Monday, February 26, 2007

Steering solenoid

One supposedly trivial task I have on my list is to change the solenoid for the steering gear.

To explain, Lady Jane has manual steering - which is, in effect, simply a pump which pumps hydraulic fluid to the steering rams.

Turning the wheel to the left pushes one ram, while turning the wheel to the right pushes the other ram, the rams push directly onto the rudder, and so Lady Jane is turned to port or starboard.

That is all well and good, but a bit labour intensive.

Lady Jane also has electric powered hydraulic steering, driven by a hydraulic pump and worked using two simple buttons.

The buttons control a pair of solenoids, which direct the hydraulic fluid to one or other of the rams.

This system could also be connected to an auto pilot, if I had one that worked.

Steering solenoidThe picture shows the 110v DC electric motor, the hydraulic pump, one of the solenoids and other pipes and things. Since I've owned Lady Jane, the electric powered hydraulic steering has never worked.

From the beginning, I've always been told 'all you need to do is just change the solenoid'.

Yeah, right!

Problem number one - someone else has already tried removing the solenoid and wrecked the allen key heads on the bolts. The heads on the screws holding the electric connectors in are also completely destroyed.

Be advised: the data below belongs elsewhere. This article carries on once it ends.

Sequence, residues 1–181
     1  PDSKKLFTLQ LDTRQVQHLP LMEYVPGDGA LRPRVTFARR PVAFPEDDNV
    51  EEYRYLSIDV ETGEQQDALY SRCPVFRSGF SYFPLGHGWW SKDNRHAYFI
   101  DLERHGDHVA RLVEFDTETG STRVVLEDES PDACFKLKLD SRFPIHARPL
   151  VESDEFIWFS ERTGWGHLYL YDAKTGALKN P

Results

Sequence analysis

Problem number two - the steering solenoids are 110v DC - a device apparently unattainable.

Now I'm left with a steering system slowly seeping hydraulic oil where the solenoid used to be, no immediate means of replacing the troublesome solenoid and, to add insult to injury, no available replacement for the bolts I had to cut off to get the defective solenoid out.

On the positive side, I think the 'defective' solenoid may not be broken, and that it had simply been jammed on account of it rusting in place. Possibly because it had not been used for some time.

Interestingly, for me anyway, there are a lot of bits in that solenoid. Including a spring, which I may have lost.

Obviously something must be done before I go, else the manual steering may not work if things are just left as they are.

10 comments:

  1. Is it important to have 110v DC to the solenoid? could you not use, say 24 volts dc (using a 24 v solenoid of course) as long as its marked correctly and you have a " manual" available with warnings etc for the next owner. I am sure there are plenty of 24 volt solenoids out there, lorry type etc. you may need to step down the voltage from the control system but a transfotmer from Maplins or RS would do that for you!

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  2. Rick Miles7:49 PM

    Hey Tim. Sure do know where you're coming from. 110 DC is nice in an historical aspect only it seems. We have been switching over from 110 dc to 110 AC 60C This involves a converter or a transformer. I know that our generators produce 110 DC 50C and we change it to 110 AC 60C before it get's to our main panel. That being said, we still have a 110 DC board that powers a few 110 DC motors that we still use aboard..steering pump, fuel transfer, and raw water cooling. When these motors fail( hopefully never!) I will replace them with 110 AC motors.YOu may also consider a battery bank and an inverter that creates 110 ac from say 24v DC.As Rob said, it seems that the solonoids might well work with 24v as our do with the 24v Robertson auto pilot. Now you're getting into the fun stuff!All the best!